Despite its small scale, the flute has been demonstrated to be among the most resonant of musical instruments. The much larger harp, not so much.
One could have guessed that the composer who pioneered this pairing of instruments would be Mozart, master of seemingly all classical forms, whose “Concerto for Flute and Harp” will be performed by the Minnesota Orchestra this weekend.
Although Chopin, Bizet and Debussy would eventually make more intimate music for flute and harp, the Mozart concerto stands among the first, and best, efforts to conjoin them with orchestra. It is extremely melodic and gay, with the two leads trading off on melody and support and engaging in a spirited rondo in the third and concluding movement.
The harp features are almost exclusively pizzicato, devoid of glissandi, and written in places as if it were a piano. This heightens the challenge for Kathy Kienzle, principal harpist for the Minnesota Orchestra since 1993, the year after her weekend co-star, flautist Wendy Williams, joined the orchestra.
Here is a rendition of the concerto’s concluding Rondo, my favorite part of the piece.
Russian compositions flank the Mozart on either side of this program. The opener is Alexander Borodin’s short tone poem, “In the Steppes of Central Asia.” Borodin was one of “The Five” or “Mighty Handful” who met in St. Petersburg in the mid-19th Century (others included Mussorgsky and Rimsky-Korsakov) determined to create a distinctly Russian style of music not beholden to the western Europeans. “Steppes,” referred to as a “symphonic sketch” by its composer, mates Russian and Oriental musical influences in its 7-minute sonic journey along the Silk Road. Here is a version by the Sammanish Symphony.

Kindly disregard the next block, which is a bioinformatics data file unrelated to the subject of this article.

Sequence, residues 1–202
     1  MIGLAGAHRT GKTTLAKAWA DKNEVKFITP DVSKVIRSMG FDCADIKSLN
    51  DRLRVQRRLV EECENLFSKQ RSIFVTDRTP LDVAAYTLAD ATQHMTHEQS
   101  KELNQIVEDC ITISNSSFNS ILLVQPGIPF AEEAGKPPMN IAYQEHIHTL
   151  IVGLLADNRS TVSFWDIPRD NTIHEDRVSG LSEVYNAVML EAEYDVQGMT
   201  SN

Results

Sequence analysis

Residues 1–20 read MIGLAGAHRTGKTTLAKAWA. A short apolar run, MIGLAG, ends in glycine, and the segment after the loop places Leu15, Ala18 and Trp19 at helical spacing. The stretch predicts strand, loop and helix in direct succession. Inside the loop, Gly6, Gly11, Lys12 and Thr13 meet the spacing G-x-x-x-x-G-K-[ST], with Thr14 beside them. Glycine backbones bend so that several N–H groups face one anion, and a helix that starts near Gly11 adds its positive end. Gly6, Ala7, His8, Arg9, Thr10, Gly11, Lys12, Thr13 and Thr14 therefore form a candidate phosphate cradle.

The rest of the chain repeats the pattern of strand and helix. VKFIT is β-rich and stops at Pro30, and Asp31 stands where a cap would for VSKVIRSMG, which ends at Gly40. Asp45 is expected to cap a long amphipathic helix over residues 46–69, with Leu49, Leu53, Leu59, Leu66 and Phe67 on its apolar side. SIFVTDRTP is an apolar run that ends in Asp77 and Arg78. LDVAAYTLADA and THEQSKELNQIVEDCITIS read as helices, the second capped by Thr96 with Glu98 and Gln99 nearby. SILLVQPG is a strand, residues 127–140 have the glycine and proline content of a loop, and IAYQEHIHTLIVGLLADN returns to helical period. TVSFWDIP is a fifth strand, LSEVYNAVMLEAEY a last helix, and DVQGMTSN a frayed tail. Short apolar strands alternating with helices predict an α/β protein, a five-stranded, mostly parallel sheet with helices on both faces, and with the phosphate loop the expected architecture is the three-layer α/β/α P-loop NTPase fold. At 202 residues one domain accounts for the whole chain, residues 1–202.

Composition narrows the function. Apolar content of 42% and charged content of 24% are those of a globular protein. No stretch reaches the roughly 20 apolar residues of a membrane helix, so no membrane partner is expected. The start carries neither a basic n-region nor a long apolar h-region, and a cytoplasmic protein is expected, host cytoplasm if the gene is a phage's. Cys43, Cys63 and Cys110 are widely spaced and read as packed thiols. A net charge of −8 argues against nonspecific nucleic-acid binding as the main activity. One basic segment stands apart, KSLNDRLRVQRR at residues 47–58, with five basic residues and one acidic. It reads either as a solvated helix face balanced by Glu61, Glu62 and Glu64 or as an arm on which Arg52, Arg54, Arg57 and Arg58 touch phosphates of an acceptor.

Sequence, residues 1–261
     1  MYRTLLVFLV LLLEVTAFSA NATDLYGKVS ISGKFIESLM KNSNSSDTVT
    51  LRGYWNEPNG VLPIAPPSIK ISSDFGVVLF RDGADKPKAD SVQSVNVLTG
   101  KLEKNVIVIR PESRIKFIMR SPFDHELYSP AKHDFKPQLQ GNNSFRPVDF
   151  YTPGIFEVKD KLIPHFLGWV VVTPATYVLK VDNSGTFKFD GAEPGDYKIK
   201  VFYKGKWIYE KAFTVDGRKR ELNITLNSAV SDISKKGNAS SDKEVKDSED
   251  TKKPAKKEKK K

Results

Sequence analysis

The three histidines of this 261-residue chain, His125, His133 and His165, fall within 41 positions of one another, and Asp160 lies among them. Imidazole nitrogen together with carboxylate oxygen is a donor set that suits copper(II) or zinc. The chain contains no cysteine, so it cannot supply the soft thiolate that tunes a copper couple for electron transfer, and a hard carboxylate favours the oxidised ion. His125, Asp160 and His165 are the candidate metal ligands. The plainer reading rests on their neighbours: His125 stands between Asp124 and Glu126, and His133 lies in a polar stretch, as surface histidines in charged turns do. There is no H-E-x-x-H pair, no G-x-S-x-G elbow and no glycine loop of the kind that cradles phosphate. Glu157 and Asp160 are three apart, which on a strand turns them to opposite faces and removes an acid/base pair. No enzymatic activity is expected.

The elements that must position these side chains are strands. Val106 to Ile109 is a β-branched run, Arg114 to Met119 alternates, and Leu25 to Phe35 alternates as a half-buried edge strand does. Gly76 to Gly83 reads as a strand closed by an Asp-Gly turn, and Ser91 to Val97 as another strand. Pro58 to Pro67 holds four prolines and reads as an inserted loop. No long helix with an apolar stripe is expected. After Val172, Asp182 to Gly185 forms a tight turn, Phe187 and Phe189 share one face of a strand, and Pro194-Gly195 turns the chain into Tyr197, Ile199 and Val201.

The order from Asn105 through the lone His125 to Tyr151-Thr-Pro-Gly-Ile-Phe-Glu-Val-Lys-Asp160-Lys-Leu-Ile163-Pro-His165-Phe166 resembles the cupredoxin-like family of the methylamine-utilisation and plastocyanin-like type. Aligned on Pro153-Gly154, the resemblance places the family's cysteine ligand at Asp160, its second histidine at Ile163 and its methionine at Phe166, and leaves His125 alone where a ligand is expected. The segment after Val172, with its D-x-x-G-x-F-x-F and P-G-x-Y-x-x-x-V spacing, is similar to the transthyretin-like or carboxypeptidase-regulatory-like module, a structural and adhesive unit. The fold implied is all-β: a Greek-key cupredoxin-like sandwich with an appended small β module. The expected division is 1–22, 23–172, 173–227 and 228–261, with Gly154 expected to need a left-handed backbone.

After intermission, the orchestra will perform Sergei Prokofiev’s “Symphony No. 5 in B-flat major” under the baton of guest conductor James Gaffigan. Prokofiev wrote this extended work during the last year of World War II, and its premiere was literally heralded by sound of a nearby Moscow military garrison celebrating the Allied forces’ imminent triumph over Nazi Germany.
That said, mixed in with the inevitable passages of triumph and clashing forces in the piece are segments of more restrained and memorable beauty, such as the muted tenor of the reflective third movement and the cello portion that presaged the fireworks in the final fourth movement. (Here is the first part of that wonderful third movement and here is the fourth movement.) In all, Prokofiev’s 46-minute fifth symphony is generally considered to be his best.
Here are the complete program notes (PDF) for this weekend’s performance.
The Minnesota Orchestra performs Mozart, Prokofiev and Borodin at Orchestra Hall, Friday and Saturday, March 26 and 27, at 8 p.m.; tickets are $26 to $84.